Building from a central attitude of courageous caring, Susan would advise young professionals to “go for it.” Echoing the influential words of her mother, she continues, “There are no limits; you can do anything you want. So believe in yourself. Surround yourself with people who love you unconditionally, and be careful how you care for others; if it’s making you tired and depressed, there’s a problem. We get to live in the solution and in the energy of uplifting, positive, remarkable people.” Susan believes strongly in “exercising your gratitude muscle,” and she advises others to do the same. “Learn both to speak up and to listen up,” she says; “be afraid—and do it anyway. You’ll make mistakes. We all do, but those learning experiences will help shape your core character.”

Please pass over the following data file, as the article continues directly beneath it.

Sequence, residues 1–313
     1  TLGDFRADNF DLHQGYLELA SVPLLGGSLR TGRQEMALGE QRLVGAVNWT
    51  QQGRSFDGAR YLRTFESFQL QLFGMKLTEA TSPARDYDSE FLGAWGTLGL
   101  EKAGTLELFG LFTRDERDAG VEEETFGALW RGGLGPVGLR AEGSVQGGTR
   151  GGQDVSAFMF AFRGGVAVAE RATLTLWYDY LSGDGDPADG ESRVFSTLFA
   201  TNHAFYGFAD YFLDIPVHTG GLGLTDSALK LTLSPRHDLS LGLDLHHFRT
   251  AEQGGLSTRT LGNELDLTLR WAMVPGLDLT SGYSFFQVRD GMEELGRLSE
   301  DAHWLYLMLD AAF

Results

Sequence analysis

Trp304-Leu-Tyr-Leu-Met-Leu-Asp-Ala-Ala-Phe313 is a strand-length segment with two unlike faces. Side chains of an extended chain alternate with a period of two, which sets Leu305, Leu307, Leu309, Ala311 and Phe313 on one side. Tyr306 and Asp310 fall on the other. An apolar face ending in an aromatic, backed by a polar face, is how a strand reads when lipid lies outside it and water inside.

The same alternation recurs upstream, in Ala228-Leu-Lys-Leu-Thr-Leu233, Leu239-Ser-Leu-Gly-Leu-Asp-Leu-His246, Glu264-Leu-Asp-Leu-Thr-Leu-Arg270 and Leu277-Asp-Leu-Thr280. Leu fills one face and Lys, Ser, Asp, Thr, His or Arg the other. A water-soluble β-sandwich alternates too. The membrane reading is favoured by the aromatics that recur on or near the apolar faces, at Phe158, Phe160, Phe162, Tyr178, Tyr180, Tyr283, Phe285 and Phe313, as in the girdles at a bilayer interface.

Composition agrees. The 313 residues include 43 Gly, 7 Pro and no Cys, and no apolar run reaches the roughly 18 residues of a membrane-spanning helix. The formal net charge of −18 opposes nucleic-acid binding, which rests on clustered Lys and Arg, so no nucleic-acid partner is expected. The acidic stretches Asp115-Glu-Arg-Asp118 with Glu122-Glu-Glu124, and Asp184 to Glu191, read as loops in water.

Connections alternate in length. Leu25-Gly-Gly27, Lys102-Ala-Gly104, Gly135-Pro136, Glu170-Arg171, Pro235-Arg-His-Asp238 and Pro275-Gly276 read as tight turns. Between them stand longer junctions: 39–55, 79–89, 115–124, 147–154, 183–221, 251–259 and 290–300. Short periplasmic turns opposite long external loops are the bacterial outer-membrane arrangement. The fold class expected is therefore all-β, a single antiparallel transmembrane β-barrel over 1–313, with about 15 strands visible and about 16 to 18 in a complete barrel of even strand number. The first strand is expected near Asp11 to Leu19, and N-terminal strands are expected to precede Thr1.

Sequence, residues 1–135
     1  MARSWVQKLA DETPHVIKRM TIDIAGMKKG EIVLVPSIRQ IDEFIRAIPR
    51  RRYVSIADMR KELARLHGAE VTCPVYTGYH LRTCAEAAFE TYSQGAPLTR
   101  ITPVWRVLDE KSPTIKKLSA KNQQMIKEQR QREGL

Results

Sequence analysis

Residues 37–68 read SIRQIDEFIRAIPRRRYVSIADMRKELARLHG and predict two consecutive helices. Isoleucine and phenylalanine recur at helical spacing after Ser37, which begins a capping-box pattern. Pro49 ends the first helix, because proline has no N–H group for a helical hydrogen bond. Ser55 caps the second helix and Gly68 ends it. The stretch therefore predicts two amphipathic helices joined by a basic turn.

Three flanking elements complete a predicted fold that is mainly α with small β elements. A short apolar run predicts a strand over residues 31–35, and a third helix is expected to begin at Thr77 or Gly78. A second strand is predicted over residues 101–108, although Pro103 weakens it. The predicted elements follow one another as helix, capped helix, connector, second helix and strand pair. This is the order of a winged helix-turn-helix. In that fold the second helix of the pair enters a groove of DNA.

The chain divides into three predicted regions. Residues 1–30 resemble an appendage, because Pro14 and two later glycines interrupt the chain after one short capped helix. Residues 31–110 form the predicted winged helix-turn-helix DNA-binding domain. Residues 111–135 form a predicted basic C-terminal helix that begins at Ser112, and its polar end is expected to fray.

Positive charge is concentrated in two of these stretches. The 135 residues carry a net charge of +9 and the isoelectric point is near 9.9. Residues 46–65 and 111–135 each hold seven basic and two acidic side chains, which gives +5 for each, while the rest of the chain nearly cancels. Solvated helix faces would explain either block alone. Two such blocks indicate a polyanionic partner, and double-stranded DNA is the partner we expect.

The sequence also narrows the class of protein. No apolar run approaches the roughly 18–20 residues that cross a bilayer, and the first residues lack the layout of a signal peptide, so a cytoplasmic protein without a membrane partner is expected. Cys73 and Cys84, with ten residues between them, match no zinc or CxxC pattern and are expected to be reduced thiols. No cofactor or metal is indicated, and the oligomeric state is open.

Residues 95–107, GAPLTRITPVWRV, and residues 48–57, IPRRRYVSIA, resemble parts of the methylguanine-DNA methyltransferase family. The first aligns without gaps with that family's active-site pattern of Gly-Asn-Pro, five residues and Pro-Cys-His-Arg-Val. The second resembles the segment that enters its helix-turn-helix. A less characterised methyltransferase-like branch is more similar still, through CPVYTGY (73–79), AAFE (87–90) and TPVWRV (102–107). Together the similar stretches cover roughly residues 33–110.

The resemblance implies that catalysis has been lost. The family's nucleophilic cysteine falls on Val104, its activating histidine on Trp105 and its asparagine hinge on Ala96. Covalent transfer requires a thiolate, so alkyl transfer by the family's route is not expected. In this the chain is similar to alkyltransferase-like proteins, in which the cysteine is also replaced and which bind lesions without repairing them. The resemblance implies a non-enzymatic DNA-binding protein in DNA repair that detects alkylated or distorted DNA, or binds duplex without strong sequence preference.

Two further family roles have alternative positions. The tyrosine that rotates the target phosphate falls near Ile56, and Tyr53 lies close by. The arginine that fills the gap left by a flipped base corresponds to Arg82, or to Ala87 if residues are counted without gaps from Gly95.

One friend of Advancing Inspiration described Susan this way: “You bring ease, infinite possibility, and a loving, nonjudgmental perspective into any arena you enter. You risk courageously, and when you do, you bring sharp intelligence coupled with empathic insight into the nature of the situation. Your beauty and ready laughter fill every room you enter.”
Finishing her advice, Susan says, in words that would not be surprising to anyone who has been the beneficiary of her loving, mindful coaching, “I’m so fortunate to get to do what I do. I love the invitation to be of service to our clients, my community, my family, and friends. It’s such a gift.”